In respect of those exemptions where what was Clause 13 applies--public interest balancing--in the same notice or in a subsequent notice, the public authority has also to say that it has exercised that discretion. If the discretion falls down in favour of disclosure, it has to explain that. If it says that the balance comes down not in favour of disclosure, it has to say why. Likewise, where exercising that discretion in relation to the question, "Should it confirm or deny
So there will never be confusion. I cannot give the Committee the exact words because there is no prescription in relation to the exact words. But there is a duty to go through all those stages clearly. There is no need for the information commissioner to come in at any stage if the answer is favourable. The applicant can make up his own mind on the basis of the reasons given when he sees the reasons given. If he is not satisfied with any of the answers given, he can apply to the information commissioner.
Lord Lucas: I am grateful to the noble and learned Lord for giving way. The difficulty arises under Clause 15(2). Let us suppose that we have an exemption which is not an absolute exemption. The first reply of the public authority is, "We have no duty to confirm or deny whether there is any such information". But then, under Clause 15(2), it goes on to say, "But we are considering whether to release the information under the public interest clauses". If it says, "We are considering whether to release it under public interest clauses", it is saying that the information exists. It cannot say, "But we are continuing to look at the public interest side", if there is no information. By saying that it is continuing to look at the public interest, it is admitting that the information exists.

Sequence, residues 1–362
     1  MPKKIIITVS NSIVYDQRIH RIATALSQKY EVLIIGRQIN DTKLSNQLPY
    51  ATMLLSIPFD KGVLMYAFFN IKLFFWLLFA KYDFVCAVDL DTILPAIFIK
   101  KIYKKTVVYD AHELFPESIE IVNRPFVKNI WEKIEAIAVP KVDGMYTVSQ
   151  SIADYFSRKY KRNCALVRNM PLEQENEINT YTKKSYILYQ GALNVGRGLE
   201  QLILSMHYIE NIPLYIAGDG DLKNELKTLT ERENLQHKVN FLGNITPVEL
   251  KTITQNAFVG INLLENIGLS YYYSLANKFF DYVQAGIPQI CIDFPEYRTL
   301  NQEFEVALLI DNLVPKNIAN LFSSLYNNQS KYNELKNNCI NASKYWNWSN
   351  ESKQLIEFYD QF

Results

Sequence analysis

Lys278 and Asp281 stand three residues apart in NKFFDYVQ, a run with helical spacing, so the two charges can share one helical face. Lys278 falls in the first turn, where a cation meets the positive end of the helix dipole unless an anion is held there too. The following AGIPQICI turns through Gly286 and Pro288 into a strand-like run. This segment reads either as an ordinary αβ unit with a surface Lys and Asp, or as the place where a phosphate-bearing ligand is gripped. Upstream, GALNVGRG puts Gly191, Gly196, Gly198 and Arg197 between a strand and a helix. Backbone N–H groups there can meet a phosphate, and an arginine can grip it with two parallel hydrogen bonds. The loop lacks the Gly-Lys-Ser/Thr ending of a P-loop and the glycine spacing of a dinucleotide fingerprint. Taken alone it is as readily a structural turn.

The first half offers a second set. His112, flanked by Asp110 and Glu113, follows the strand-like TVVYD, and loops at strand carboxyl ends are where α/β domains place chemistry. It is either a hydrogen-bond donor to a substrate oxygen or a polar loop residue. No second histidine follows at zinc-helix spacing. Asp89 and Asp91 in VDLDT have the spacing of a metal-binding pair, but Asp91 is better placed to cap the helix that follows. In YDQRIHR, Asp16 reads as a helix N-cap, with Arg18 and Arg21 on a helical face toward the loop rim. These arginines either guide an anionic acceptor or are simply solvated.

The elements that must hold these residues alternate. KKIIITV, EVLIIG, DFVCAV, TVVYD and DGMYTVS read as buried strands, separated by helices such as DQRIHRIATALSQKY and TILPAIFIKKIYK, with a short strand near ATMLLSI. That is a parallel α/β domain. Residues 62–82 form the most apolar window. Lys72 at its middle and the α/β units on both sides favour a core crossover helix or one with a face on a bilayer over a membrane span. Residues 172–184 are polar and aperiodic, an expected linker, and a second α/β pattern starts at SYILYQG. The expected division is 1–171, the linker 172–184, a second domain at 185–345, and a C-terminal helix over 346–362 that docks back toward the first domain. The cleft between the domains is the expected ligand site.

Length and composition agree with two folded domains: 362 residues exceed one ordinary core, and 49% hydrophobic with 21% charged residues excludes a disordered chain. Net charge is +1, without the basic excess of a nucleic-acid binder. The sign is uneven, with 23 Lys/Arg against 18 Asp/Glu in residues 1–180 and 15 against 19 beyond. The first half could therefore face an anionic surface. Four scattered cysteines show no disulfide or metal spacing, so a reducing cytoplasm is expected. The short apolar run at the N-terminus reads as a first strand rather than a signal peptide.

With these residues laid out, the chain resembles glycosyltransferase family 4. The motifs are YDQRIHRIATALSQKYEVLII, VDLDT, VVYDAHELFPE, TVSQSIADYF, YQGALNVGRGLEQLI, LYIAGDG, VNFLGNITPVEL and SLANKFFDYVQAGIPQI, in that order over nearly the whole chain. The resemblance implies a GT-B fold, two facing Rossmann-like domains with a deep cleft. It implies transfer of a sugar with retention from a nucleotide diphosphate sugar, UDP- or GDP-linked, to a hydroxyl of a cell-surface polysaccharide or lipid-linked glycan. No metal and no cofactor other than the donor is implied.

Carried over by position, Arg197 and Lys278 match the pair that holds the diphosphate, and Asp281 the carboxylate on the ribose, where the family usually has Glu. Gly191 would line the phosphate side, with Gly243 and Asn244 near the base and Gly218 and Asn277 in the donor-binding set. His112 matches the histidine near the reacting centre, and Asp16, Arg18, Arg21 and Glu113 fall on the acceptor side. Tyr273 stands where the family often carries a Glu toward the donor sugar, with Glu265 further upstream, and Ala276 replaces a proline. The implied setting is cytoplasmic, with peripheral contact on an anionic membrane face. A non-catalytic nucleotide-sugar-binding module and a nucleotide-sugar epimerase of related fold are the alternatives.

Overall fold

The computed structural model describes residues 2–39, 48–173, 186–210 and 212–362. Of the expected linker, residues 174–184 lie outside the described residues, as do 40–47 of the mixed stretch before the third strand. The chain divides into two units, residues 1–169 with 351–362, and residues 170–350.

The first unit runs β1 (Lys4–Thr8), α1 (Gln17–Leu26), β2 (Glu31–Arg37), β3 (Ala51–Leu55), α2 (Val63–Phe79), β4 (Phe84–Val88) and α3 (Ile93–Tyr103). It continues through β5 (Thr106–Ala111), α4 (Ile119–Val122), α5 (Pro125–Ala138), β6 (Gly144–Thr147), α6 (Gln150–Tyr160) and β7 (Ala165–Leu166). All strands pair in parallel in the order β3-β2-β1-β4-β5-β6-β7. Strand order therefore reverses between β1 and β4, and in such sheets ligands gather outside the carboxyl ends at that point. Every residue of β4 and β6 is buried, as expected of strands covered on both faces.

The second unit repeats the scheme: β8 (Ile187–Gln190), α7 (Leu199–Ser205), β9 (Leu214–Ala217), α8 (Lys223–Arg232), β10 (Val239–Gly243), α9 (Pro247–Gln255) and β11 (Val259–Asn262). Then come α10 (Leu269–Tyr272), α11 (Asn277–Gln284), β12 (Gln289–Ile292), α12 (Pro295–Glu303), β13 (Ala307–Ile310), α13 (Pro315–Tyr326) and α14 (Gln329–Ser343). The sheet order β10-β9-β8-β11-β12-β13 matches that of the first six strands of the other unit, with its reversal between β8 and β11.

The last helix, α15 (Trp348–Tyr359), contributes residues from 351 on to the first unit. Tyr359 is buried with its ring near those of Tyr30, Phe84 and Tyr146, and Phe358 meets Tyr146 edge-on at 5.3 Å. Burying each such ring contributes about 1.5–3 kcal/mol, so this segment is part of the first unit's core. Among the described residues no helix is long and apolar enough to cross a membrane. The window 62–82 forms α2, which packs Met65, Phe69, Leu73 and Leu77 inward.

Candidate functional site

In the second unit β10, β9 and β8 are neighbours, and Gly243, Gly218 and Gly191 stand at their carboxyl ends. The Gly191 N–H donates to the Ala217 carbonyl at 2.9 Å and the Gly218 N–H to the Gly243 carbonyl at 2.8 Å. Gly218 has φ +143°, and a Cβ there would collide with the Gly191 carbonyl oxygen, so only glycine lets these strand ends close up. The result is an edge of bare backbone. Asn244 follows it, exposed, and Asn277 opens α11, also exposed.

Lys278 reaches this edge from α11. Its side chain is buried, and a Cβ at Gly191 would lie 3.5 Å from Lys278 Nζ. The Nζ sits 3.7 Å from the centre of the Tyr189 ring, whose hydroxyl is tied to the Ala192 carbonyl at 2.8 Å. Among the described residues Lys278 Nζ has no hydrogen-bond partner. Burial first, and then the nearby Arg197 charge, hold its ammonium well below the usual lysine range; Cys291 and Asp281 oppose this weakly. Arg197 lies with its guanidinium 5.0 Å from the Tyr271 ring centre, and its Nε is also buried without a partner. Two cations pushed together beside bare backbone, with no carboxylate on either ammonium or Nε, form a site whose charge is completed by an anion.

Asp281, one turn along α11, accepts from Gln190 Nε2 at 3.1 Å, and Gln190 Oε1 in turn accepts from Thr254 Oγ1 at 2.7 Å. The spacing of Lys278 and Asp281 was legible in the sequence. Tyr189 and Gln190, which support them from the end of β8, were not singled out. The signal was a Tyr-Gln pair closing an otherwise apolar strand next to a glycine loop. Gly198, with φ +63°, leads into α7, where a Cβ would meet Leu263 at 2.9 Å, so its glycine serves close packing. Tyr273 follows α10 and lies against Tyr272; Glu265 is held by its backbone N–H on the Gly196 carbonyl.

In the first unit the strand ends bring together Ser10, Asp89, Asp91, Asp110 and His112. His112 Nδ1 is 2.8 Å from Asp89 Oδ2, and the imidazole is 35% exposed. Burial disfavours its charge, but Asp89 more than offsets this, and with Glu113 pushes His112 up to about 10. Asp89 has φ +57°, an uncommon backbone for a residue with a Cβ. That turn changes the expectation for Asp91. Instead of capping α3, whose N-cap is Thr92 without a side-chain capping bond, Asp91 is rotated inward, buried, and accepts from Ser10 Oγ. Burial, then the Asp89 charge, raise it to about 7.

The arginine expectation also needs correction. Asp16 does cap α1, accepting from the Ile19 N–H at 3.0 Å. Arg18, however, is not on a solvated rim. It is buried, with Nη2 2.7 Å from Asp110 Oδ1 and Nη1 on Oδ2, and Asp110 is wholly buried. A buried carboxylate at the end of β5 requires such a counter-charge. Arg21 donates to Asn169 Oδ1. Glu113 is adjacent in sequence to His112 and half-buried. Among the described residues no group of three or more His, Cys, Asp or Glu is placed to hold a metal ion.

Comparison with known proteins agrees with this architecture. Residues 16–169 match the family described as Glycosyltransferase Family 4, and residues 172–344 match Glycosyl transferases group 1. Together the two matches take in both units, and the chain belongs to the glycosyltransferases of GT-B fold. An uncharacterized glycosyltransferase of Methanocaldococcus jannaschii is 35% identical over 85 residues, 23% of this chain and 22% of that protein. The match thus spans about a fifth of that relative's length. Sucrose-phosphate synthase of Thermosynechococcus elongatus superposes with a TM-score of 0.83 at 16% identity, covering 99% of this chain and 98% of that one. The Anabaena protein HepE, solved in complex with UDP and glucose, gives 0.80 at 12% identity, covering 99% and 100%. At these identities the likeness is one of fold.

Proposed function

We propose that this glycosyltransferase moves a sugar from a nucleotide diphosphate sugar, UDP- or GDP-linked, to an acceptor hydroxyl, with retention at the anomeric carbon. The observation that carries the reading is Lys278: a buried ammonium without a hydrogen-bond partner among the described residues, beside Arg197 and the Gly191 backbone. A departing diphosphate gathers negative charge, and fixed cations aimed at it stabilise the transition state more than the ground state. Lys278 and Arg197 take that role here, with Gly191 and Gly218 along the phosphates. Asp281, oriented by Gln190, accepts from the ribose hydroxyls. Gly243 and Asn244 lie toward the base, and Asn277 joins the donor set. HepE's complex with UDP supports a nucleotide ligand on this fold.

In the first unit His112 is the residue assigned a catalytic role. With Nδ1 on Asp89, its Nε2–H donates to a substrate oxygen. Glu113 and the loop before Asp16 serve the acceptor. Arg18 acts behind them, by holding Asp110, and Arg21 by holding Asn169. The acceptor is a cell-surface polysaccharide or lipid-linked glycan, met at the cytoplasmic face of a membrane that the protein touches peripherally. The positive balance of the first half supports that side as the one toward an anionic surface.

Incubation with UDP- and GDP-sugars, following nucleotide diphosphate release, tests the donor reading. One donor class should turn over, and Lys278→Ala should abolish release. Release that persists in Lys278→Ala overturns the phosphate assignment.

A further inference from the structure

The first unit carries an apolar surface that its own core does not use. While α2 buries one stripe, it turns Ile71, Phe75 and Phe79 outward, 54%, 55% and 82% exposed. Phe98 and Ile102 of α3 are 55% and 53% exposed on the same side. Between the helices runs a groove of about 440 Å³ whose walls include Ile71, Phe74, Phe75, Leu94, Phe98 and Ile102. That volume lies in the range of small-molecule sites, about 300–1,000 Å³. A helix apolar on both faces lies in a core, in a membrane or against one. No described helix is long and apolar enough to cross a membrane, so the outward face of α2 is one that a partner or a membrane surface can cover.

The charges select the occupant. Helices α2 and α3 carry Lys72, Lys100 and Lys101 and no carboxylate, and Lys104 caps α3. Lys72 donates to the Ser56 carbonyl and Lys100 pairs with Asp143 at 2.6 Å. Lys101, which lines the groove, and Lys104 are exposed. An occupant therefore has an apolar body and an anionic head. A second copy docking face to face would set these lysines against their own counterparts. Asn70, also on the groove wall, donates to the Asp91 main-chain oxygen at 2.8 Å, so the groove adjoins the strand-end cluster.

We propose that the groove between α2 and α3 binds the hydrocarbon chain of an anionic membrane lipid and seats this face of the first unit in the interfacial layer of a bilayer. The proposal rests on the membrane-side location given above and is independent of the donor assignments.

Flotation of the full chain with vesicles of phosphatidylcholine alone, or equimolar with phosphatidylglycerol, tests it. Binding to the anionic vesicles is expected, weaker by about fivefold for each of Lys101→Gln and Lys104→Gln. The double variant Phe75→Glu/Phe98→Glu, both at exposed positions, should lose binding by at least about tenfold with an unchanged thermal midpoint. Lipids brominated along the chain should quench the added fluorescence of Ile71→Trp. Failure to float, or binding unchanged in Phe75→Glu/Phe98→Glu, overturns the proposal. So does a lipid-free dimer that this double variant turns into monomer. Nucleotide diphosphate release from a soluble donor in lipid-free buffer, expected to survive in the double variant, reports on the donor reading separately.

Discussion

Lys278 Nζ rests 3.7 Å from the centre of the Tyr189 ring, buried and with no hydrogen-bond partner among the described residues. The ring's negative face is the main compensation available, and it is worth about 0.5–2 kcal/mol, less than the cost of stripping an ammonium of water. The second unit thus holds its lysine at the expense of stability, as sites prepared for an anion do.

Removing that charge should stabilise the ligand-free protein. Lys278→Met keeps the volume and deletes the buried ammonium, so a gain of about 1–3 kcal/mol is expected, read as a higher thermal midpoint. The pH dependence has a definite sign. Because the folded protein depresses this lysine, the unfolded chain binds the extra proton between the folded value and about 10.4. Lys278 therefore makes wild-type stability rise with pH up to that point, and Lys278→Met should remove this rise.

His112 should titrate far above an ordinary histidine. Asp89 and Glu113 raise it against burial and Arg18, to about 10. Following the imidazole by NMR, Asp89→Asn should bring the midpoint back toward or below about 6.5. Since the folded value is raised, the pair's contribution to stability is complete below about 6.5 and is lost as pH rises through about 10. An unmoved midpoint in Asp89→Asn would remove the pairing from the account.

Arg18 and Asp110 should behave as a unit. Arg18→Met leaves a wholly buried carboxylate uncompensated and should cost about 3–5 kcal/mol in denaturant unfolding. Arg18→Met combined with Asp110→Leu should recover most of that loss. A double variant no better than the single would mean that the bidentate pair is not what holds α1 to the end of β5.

Lord Falconer of Thoroton: The public authority says in relation to stage one, "I am entitled not to answer the question about whether or not the information exists". Either it then says, "Under Clause 13 I am not going to depart from that for the same reasons", or it says it in a different notice.
Lord Falconer of Thoroton: I simply do not understand that. Let us suppose that the question is, "Can you please provide all information you have on the chemical warfare capacity of country X?" Let us suppose that there is no information in relation to that. Let us suppose that, because there is no information, that in itself is damaging to the defence of the realm. I say at stage one, "I am not obliged to say whether I have that information", as it is clear that it would damage the defence of the realm. Then, at the Clause 13 stage, I have to decide whether, although it might damage the defence of the realm, the damage is sufficiently insignificant to allow me to answer the question. The fact that I say that I am going on to consider the question under Clause 13 but I have not yet come to an answer does not indicate whether there is any information. So I simply do not understand the noble Lord's example. The fact that there can be a pause between the two--other interests might need to be consulted before one could decide whether Clause 13 applied--is a perfectly legitimate way to proceed. Although, with the greatest respect to the noble Lord, what he said sounded neat, if one thinks it through, there are circumstances where the pause is both sensible and worth while.